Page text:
Feed a Child, Nourish a Mind

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It’s Monday morning, you’re getting your child ready for school.

What should you put in their lunch? A water bottle or a juice box? Sandwich or salad? Fruit cups or chopped vegetable?  Maybe you’ll just send them with some lunch money?

“Lack of food can diminish concentration, erode willpower, and strip away a child’s potential. Compound that with prevalence of HIV/AIDS or the trauma of losing parents and loved ones, without food, a child’s attendance and performance at school is severely jeopardized.”

You aren’t worrying that your child is getting the right nutrition because you are present in their life. You are there making sure they eat healthy, go to school, and have all that they need to succeed.

“Nearly 20% of all children in South Africa are orphans, with approximately 1.9 Million of those children orphaned as a result of HIV and AIDS.”

You take your children to the doctor and dentist, making sure they are as healthy as possible. You change their diets if needed.  You do this all after school so they don’t have to miss any education.

“65% of all South African children live in poverty. Receiving food encourages these children to stay in school and obtain their education.”

What are you eating for lunch today?  I’m having a salad. I really nice big salad full of romaine lettuce, broccoli, cauliflower, green onions, croutons, and a hard boiled egg.

A salad like this doesn’t cost me very much. Especially in the spring and summer when a lot of the vegetables. I don’t always eat this healthy though. Sometimes I head to the nearest fast food. I spend a lot more when I do that. At least $5.  When my kids are with me, it’s a lot more.

Did you know that just $10 can feed a child their only meal for the day. So if I donate $5, and you donate $5 together we can feed a child.

The Lunchbox Fund is a campaign working to feed 100 South African children a daily meal for a year!  Will you be a part of this movement?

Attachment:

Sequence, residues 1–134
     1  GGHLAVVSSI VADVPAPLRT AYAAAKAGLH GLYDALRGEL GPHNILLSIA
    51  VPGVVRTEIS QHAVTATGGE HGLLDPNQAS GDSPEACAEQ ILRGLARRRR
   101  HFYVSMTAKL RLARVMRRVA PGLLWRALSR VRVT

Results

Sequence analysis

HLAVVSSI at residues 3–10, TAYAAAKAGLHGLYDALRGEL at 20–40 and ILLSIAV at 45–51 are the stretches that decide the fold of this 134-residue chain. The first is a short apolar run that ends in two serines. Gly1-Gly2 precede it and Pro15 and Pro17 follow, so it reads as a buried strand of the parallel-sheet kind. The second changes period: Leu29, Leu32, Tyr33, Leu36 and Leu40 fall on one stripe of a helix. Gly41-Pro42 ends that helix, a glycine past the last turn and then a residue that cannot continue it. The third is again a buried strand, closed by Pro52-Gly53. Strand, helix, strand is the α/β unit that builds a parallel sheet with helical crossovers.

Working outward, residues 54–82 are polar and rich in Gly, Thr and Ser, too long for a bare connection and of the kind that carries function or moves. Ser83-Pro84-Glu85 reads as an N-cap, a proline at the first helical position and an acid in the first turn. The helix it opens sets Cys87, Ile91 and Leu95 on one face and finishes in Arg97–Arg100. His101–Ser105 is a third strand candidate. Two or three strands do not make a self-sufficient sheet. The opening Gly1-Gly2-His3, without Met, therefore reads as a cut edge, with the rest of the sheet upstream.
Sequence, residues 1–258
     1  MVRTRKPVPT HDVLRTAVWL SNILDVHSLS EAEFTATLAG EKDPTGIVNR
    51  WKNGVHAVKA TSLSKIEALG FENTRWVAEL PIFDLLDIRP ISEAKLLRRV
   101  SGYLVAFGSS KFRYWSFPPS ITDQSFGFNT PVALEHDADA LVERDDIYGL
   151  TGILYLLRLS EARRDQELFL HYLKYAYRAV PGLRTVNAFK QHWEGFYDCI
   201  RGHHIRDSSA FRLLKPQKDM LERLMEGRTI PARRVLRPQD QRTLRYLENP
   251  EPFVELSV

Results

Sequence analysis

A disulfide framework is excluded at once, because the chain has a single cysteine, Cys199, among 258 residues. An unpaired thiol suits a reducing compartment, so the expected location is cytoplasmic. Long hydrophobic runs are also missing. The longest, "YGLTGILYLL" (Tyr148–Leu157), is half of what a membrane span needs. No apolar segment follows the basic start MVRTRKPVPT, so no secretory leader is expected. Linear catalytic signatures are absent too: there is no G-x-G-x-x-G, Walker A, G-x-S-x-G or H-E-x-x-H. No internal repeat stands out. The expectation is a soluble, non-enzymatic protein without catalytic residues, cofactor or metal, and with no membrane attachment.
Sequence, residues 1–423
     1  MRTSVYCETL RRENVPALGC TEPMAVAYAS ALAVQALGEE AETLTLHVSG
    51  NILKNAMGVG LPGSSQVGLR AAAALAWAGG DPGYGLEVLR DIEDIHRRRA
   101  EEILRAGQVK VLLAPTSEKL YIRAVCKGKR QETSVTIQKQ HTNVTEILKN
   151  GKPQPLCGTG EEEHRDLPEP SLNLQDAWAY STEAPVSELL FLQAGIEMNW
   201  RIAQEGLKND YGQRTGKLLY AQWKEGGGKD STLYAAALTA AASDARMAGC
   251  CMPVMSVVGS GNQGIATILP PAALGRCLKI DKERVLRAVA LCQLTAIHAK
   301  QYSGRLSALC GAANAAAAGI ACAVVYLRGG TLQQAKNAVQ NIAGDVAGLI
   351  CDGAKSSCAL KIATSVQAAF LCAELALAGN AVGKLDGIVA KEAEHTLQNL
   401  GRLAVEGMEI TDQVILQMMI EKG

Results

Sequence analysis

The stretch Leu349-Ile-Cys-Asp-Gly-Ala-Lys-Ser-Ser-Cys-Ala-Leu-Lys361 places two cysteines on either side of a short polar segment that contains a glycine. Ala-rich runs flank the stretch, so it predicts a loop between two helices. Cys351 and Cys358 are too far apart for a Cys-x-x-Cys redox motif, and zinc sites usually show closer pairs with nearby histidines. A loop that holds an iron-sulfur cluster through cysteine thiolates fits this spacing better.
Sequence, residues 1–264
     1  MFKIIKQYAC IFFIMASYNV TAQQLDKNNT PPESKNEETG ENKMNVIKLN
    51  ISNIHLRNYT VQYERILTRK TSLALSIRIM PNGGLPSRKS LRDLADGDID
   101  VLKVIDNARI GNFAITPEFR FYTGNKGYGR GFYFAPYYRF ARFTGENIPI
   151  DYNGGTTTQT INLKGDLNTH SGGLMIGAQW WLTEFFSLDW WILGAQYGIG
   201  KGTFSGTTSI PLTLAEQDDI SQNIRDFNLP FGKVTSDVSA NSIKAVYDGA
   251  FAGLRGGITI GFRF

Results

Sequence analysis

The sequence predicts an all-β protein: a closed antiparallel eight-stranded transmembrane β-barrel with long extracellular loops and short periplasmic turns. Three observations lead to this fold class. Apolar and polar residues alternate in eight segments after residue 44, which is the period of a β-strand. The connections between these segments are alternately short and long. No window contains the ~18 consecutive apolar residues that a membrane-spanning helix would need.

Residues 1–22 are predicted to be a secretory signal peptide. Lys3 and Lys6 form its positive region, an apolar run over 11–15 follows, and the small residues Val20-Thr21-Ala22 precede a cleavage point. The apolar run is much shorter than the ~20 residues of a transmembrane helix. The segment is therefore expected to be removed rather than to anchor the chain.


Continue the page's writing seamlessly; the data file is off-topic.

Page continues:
30 thoughts on “Feed a Child, Nourish a Mind

  1. I haven't heard of this before, but I'll be checking it out. My husband and I are very involved with Charity:water, which provides wells. These statistics are so heartbreaking.

  2. It is surprising how many children go hungry in this day and age, and even more surprising that it isn't in the obvious places. Our school PTA quietly sponsors children from poorer families who don't often have breakfast at home to have breakfast at school. I also contribute to our local food bank. It's heartbreaking.

    (Visiting from the SITS comment love week.)

  3. My husband and I have spent a lot of time in South Africa. Have family there and he worked there. This is a very good cause and I hope you meet your goal. South Africa is an awesome country. Thanks for visiting my blog!

  4. What a great charity, and a good cause. I liked how you put it in perspective with what we take for granted in our owl lives by highlighting the simple things (like a salad) in yours, and that really helped to drive home the point of what is really a very small thing to us, is a very, very big thing for someone else. I hope your posts bring more attention and bring more awareness to your cause!

  5. Thanks for sharing information about this campaign, Adelina. I will be looking into it more and sharing it with my family. We definitely want to do our part in helping others.

  6. What a great campaign – thank you for sharing. We often forget how little it takes to feed a child elsewhere that might only get one meal a day when we are busily going through our days. Thank you for the reminder. Sharing this with friends and family.

  7. This is a great initiative. Its diabolical that there are children starving in this country when our president, Zuma gets to spend tax payers money on 'improvements' to his private home including 'necessities' like an Olympic size swimming pool (for a man who doesn't swim) – millions of rands that should have been used to improve the lives of those in desperate need. Meanwhile the schools are overflowing, understaffed, textbooks and basic necessities are in short supply, children are malnourished – it is a disgrace. Its easy to forget the daily struggle millions face (even when living in the same country)…here we try to help a few people from our local community by providing employment (I've recently taken on a seamstress and am trying to sell the products she creates – my dream is to employ a dozen more ladies and set them up so that they can be proud of what they achieve here and help to support their families). Even for those not going hungry, life is a struggle every day. Its so easy to take for granted our great fortune and its wonderful to see others taking the time out to think about those less fortunate. Thanks for sharing this. Have a wonderful week.
    Warm Regards from sunny South Africa.
    Tamara

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